If you’re having difficulty paying your taxes, then think twice before soliciting help from a tax-debt-relief company. Best case? You could end up paying a lot for something you may do for less (or even for free) by working directly with the IRS. Worst case? You could end up getting scammed.
"Your very best solution would be to jump on that note you get and work it through with a government officer," says Magee.
You can also do it in person through a regional IRS office. Just be sure to make an appointment. And the earlier you get started working on a solution, the less you should have to pay in penalties and interest.
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COVID-19, taxation and tax relief.
The spread of COVID-19 has impacted nearly every aspect of our lives — even when it comes to taxes. Listed below are a few key things to learn about the impact of the coronavirus pandemic on taxation and government relief programs.
Tax deadline extended — The federal tax filing and payment deadline has been extended this year to July 15 because of the coronavirus. Furthermore, many nations — but not all — have embraced exactly the same deadline. But if you need money today and think you’ll be due a refund, then you should think about filing prior to the deadline. Should you don’t be eligible you can also use Credit Karma Tax, which is free for everybody. Filing a tax return to get a stimulus payment — If you had a federal tax refund directly deposited into your bank accounts for 2018 or 2019 and you are eligible for a rebate, you probably won’t have to do anything to get it. Obtaining a stimulus payment without filing a tax return — Should you weren’t needed to document for 2018 or 2019, wouldn’t have registered for any other motive, also didn’t get Social Security benefits in 2019, you don’t have to document simply to get your stimulus payment. The IRS has launched a free internet portal site for non-filers. You can provide information which will allow the IRS to determine your eligibility and payment amount and send a payment if you qualify for a single. For more answers on stimulus payments, visit this FAQ page from the IRS. This may be why.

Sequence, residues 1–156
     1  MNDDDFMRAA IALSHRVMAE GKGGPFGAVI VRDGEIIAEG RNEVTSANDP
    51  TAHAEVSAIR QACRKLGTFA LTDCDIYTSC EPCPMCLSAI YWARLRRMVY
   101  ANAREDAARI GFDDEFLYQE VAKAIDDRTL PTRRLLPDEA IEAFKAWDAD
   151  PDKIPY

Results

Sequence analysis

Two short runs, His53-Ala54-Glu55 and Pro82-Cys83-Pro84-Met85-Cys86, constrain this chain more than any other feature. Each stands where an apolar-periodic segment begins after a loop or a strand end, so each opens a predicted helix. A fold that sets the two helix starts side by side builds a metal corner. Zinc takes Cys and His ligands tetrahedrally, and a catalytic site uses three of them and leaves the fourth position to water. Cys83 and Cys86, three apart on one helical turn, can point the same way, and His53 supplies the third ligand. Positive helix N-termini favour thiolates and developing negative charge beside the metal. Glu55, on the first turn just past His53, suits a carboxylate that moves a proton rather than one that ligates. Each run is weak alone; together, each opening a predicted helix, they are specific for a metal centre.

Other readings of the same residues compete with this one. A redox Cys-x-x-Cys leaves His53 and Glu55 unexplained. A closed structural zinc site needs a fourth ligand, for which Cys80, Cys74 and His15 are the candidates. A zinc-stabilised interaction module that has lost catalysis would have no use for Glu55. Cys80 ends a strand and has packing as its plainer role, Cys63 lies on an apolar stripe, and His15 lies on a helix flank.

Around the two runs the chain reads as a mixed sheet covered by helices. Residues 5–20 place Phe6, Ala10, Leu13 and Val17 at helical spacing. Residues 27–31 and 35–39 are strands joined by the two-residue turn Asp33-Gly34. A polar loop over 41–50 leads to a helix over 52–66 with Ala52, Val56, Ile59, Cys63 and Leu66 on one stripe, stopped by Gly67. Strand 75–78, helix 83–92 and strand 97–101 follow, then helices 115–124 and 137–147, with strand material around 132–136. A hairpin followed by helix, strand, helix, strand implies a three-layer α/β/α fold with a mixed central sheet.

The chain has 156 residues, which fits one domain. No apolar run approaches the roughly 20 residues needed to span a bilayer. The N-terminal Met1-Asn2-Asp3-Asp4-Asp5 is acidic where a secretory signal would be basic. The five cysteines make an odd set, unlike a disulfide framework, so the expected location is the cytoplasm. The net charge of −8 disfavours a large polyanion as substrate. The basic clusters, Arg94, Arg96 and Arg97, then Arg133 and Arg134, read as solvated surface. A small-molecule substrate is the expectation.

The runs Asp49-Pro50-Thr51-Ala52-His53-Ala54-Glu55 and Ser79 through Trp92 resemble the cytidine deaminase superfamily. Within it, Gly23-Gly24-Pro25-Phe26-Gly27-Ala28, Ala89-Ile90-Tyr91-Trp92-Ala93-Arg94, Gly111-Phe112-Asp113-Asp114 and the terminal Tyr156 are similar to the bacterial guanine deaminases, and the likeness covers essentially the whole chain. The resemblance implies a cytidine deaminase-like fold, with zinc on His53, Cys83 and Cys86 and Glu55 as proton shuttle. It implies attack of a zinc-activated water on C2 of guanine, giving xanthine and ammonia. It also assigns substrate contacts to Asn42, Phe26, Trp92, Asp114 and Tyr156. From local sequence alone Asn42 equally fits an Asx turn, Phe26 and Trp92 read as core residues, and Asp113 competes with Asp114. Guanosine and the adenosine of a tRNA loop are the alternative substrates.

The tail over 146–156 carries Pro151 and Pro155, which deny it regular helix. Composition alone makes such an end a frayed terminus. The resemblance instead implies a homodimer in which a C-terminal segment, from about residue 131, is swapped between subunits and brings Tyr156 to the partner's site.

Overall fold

Taxes and unemployment benefits — Should you’ve registered for unemployment and have received unemployment benefits, remember that those are usually subject to federal income taxation. If that sounds daunting, however, you can even choose to have your federal income taxation automatically withheld from the unemployment payment. Check out the Voluntary Withholding Request (Type W-4V) from the IRS for more info on how to do this.
Our editors are working diligently to help keep you informed regarding COVID-19’s impact on taxation, personal finance and much more. To locate the latest money news on the coronavirus, take a look at this page: Coronavirus along with your finances: We’ll help answer your queries.
And to find out about the latest tax relief advice coming from the IRS, take a look at this page: Coronavirus Tax Relief and Economic Impact Payments.
Christina Taylor is senior director of taxation surgeries for Credit Karma Tax. She has more than a dozen years of expertise in taxation, accounting and business operations. Christina founded her own accounting consultancy and managed it for more than six decades. She co-developed an internet DIY tax-preparation product, serving as chief operating officer for seven decades. She is the present treasurer of the National Association of Computerized Tax Processors and also holds a bachelor’s in business administration/accounting from Baker College and an MBA from Meredith College. You can find her on LinkedIn.